Article

Impact Feature Issue on Supporting New Career Paths for People with Intellectual and Developmental Disabilities

Creative Job Development:
Are You Unbundling?

Author

Sheila Fesko is Project Director with the College of Employment Services, an online, competency-based training curriculum for employment professionals nationwide that is based at the University of Massachusetts Boston

Share this page

Picture this: A job developer, Sonia, is having an energy audit done on her home. She strikes up a conversation with the auditor. He describes the training he had for the work, and tells her how he uses data and conducts tests to help customers reduce energy consumption. The auditor says he likes interacting with customers. But some other tasks, like collecting data from appliance labels and measuring rooms, is time-consuming and keeps him from the more technical elements of his job. Trying to cover all of these elements himself results in each audit taking half a day, and there is a backlog of people wanting an audit.

One of the job seekers Sonia works with is Carmen, a young woman with an intellectual disability. She works best with a consistent routine, likes to write and draw, and can copy information from printed material. Carmen does not have verbal communication skills, but has worked well with a partner at an auto supply store.

You can guess where this is going, right? By keeping her eyes and ears open, Sonia recognizes the problem the auditor is experiencing, and she thinks about Carmen’s skills and interests. It seems like there could be a job match there, but the job doesn’t exist quite yet.

Sonia begins the process of creating a new job by unbundling tasks from the energy auditor’s responsibilities. Here’s what she does, and how you can apply these steps in your own work:

  • Becomes acquainted with work-site needs.
  • Creates a task list.
  • Negotiates employment proposal.

Get Acquainted with Work-Site Needs

The first step in becoming acquainted with the employer’s needs is to conduct an informational interview. Ask the employer key questions that will lead to more knowledge of the business and its operations. Employers are generally quite willing to meet when there is a sincere desire to learn about their business. The purpose of the informational interview is not to market a specific job seeker, but to get to know the employer’s needs and problem areas.

The second step is to ask for a tour. A work-site tour is a good way to clarify operational procedures, identify specific tasks, and pinpoint opportunities where customizing a position would benefit that employer. During the tour, identify possible challenges or areas of operation that are particularly troublesome. Things to consider include:

  • Rush times
  • Tasks performed on a sporadic basis
  • Bottlenecks/logjams/overflowing inboxes
  • Inefficient use of key staff
  • Activities that pull staff away from the critical (i.e., moneymaking) responsibilities

Through these observations and discussions, you can begin to think about specific tasks that match a job seeker’s interests or capabilities.

Create a Task List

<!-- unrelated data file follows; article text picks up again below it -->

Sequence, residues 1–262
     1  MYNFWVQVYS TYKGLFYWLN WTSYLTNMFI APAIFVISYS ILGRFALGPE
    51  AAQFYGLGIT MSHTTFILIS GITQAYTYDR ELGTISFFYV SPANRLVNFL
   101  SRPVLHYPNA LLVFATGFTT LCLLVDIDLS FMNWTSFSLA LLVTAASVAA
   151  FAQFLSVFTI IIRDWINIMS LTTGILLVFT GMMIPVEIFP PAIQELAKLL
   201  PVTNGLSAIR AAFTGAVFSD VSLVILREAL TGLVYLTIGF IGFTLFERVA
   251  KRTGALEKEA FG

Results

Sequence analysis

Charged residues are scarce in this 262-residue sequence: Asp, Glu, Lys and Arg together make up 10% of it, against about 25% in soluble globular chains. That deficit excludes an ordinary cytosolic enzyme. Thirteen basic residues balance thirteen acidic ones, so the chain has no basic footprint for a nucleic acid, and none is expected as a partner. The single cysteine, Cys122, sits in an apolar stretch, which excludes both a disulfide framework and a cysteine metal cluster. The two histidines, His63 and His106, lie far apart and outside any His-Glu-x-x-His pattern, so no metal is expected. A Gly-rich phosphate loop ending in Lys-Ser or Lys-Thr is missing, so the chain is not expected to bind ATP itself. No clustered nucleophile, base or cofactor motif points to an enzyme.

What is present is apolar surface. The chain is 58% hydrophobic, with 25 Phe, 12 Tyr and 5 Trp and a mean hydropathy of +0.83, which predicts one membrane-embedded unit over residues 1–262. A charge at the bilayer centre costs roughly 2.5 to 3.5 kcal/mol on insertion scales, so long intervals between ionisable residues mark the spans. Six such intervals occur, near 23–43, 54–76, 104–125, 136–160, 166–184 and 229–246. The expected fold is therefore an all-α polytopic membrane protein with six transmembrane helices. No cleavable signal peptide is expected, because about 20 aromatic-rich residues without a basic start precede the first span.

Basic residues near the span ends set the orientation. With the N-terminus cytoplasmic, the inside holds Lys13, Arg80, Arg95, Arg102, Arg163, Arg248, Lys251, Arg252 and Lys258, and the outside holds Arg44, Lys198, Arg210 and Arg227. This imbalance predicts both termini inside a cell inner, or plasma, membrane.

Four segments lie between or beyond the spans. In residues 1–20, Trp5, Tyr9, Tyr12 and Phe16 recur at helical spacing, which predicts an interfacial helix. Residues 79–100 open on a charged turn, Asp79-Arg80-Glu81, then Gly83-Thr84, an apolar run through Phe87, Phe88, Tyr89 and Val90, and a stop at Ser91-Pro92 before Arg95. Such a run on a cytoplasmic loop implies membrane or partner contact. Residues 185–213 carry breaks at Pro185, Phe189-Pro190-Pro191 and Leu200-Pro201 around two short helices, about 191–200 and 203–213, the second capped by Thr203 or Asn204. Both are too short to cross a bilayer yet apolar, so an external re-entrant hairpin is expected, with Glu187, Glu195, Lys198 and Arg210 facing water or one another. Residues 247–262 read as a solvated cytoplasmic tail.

Based on the interview or tour, you can start to identify tasks that might be reassigned, created, or restructured for the job seeker. This task list can help you negotiate with the employer on what tasks they need completed and how the job seeker can address those needs.

The goal of the task list is to identify specific employer needs and to pinpoint how reassigning those tasks can improve efficiency. Tasks should be specific to the workplace. Instead of simply listing “photocopying,” the list should refer to “photocopying invoices to be sent out for payment.”

Based on the task list, there are several ways to negotiate a job description:

  • Job carving. With this approach, you modify an existing job description. The carved job description contains one or more, but not all, of the tasks from the original job description.
  • Job creation. A newly created job description is negotiated based on unmet workplace needs.
  • Job sharing. Two or more people share the tasks and responsibilities of a job based on each person’s strengths.

Negotiate the Employment Proposal

After the task list is complete, it’s time to think about negotiation. Remember, negotiations can only be effective when the employer sees what’s in it for them.

Effective negotiation occurs when the job seeker and the employer jointly agree to the answers to these questions:

  • What tasks can the job seeker do?
  • What hours will the job seeker work?
  • How much work does the employer want the job seeker to get done each day?
  • How much will the job seeker be paid?
  • What accommodations and support will be necessary?
  • How will all this help the business?

Conclusion

So how did things turn out for Carmen, the job seeker? Sonia worked with the auditor and the energy company to negotiate the job. She suggested tasks that Carmen could take off the auditor’s hands, and pointed out some tools to help her do this. For example, Carmen can use a digital measuring tape with an electronic read-out. With this, she can easily copy room measurements. She can also use a checklist to document appliance data. Carmen has been on the job for four months and is very happy.

The auditor reports saving time at each site. He is now able to complete three audits a day, and customers are being served more quickly. So the latest customer satisfaction surveys show improved ratings. And it all started with a job developer keeping her eyes open, recognizing an unexpected opportunity, and getting creative with unbundling.